Medicaid, the publicly funded insurance program for low-income and disabled individuals covers 43.1 percent of all births in the U.S. Unfortunately, vital pregnancy-related coverage ends just 60 days after giving birth for most people on Medicaid. Black and Latinx women, as well as other birthing people of color, make up a disproportionate share of Medicaid enrollees. Research has shown that closing gaps in coverage could improve lactation and human milk feeding support, assist with family transitions and the physical and emotional recovery of birthing people.
Lack of insurance and transitions between plans disrupts trusted relationships between patients and providers who work together to address conditions such as diabetes, high blood pressure and other chronic conditions before a person becomes pregnant or during early prenatal care. Extending Medicaid coverage to 12 months would likely prevent many of the roughly 12 percent of pregnancy-related deaths occurring after six weeks postpartum.
Despite the coverage gains made under the Affordable Care Act, women of color are still more likely to be uninsured, even during the perinatal period. Coverage gaps also create harmful barriers to seeking care and receiving help for complications after giving birth, including access to mental health services for the one in 10 birthing people who will experience postpartum depression, not to mention the stress of taking on the out-of-pocket costs associated with not having insurance or being underinsured. Additionally, the Affordable Care Act provides necessary coverage for community-based lactation support and human milk feeding resources—breastfeeding, chest-feeding and the provision of expressed human milk. Human milk feedings have been shown to improve health outcomes across the life course for birthing people and their infants, increase bonding between the dyad, and reduce health care costs.
Medicaid expansion is an ethical imperative and moral duty of federal and state governments to protect the health and welfare of the most vulnerable populations in our society. Comprehensive insurance coverage must become the standard ethic of care and a moral priority in efforts to reduce the impact of maternal mortality and morbidity and improve health and wellness during the postpartum period. With no federal mandate, the 12 states that have continued to deny access to insurance through Medicaid expansion will likely forgo extending postpartum Medicaid. It is shameful that this is our reality during the COVID-19 global pandemic.
One additional consideration is the missed opportunities of the pandemic—namely, shelter-in-place regulations that could have served as a pilot program to extend postpartum Medicaid and pay workers to stay home. By focusing on workers who are hardest hit by COVID-19, we could have accomplished complementary goals given these workers are the same people who are likely eligible for expanded postpartum Medicaid coverage. A recent report from TimesUp makes the case for a worker-centered recovery. Findings showed that 52 percent of Latina women and 44 percent of Black women anticipated losing paid work as a result of unpaid caregiving responsibilities, compared to 30 percent of men.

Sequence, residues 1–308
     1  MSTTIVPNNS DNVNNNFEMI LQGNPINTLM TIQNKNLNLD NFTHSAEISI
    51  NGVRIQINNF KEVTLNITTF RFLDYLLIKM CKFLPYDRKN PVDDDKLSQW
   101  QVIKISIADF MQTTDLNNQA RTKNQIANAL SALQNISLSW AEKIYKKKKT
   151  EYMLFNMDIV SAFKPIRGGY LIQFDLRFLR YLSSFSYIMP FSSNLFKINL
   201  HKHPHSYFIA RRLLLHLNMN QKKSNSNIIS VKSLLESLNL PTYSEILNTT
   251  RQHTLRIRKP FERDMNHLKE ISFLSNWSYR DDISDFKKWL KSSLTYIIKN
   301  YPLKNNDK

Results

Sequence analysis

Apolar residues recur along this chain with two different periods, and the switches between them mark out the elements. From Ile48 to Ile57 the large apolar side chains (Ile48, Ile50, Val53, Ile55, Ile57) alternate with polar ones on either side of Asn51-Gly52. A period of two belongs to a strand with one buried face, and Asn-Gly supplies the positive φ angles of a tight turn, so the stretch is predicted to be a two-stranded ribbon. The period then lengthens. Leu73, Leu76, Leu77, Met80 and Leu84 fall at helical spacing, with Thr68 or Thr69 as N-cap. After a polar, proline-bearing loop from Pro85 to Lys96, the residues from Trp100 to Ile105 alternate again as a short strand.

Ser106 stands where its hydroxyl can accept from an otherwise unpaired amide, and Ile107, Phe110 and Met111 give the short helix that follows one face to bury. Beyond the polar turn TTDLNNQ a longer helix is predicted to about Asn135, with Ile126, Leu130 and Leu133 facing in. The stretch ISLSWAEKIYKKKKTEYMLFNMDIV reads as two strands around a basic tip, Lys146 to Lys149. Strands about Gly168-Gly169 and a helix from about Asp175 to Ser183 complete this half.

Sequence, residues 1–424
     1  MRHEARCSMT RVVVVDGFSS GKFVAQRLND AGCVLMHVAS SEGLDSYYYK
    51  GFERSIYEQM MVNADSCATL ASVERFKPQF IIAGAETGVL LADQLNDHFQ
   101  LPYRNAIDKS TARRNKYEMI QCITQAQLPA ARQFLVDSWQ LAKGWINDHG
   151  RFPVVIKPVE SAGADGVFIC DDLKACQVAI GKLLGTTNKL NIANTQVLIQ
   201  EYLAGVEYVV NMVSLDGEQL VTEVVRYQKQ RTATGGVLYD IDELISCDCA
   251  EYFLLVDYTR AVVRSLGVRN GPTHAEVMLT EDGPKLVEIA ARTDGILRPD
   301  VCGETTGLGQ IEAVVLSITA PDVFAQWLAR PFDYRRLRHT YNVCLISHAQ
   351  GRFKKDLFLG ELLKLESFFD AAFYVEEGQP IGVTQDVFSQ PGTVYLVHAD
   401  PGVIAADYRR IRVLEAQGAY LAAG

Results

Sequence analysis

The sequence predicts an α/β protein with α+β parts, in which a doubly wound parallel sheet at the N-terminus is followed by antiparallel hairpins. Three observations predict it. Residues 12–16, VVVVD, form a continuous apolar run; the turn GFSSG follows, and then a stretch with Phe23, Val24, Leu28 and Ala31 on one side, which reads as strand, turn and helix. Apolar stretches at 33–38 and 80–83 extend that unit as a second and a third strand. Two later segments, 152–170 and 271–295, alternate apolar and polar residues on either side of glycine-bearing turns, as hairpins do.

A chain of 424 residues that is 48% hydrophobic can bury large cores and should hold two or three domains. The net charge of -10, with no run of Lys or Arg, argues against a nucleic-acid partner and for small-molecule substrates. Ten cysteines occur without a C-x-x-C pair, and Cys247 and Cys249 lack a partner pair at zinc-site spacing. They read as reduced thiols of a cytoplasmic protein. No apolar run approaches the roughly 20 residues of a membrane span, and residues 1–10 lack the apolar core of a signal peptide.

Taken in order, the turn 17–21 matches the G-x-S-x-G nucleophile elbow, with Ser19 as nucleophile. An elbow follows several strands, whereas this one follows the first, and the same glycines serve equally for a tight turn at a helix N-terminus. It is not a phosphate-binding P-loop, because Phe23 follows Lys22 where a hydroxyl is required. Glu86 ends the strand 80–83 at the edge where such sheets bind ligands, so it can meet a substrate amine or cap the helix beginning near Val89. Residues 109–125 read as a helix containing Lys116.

In addition, one in four birthing people have to return to work within 10–14 days after giving birth. The lack of paid family leave, coupled with the potential loss of health care coverage, further perpetuates health inequities and disparities. One state, California, expanded Medi-Cal (the state version of Medicaid) by the Provisional Postpartum Care Extension (PPCE) in 2019. The PPCE includes extended Medi-Cal coverage, across the first year of the postpartum period, for birthing individuals diagnosed with a perinatal mental health condition during pregnancy or up to 90 days after birth. We believe these policies should be the standard of coverage for all pregnant-capable people, regardless of insurance payor and mental health diagnoses.
Extending postpartum Medicaid coverage to 12 months saves lives and promotes health, and the U.S. is one step closer to making this a reality. Representatives Alma Adams (D–N.C.) and Lauren Underwood (D–Ill.) reintroduced the Momnibus bill, which is a sweeping legislation that consists of 12 separate bills to address maternal morbidity, mortality, mental health, workforce and payment models to stem the U.S. maternal health crisis. The Momnibus would help to build on the ongoing effort to secure the Medicaid coverage extension, which has long been considered low-hanging fruit.
Within days of the reintroduction, the House of Representatives announced on February 11, 2021, that the Energy and Commerce Committee would fast-track review of postpartum coverage, which provides an option for states to extend Medicaid coverage to 12 months after birth. The provision was passed by Congress and signed into law on March 11 by President Joe Biden as part of the American Rescue Plan Act. Unfortunately, this optional expansion would not be universally applied, would expire in five years if not renewed and would not have matched federal funds—shameful when considering an estimated 60 percent of maternal deaths occur in the postpartum period and that a majority of maternal deaths are considered preventable.
We applaud the organizations that have worked to support both the Momnibus and extension of Medicaid during the postpartum period. Despite the obvious shortcomings of these policies, including the exclusion of undocumented birthing people, it is important to remember, this is a floor and not the ceiling. Expanded health care coverage must go hand-in-hand with access to quality care, redress of systemic barriers to vital health, and social services and supports, as well as targeted interventions for eliminating racism and sexism within the health care system.
This is an opinion and analysis article.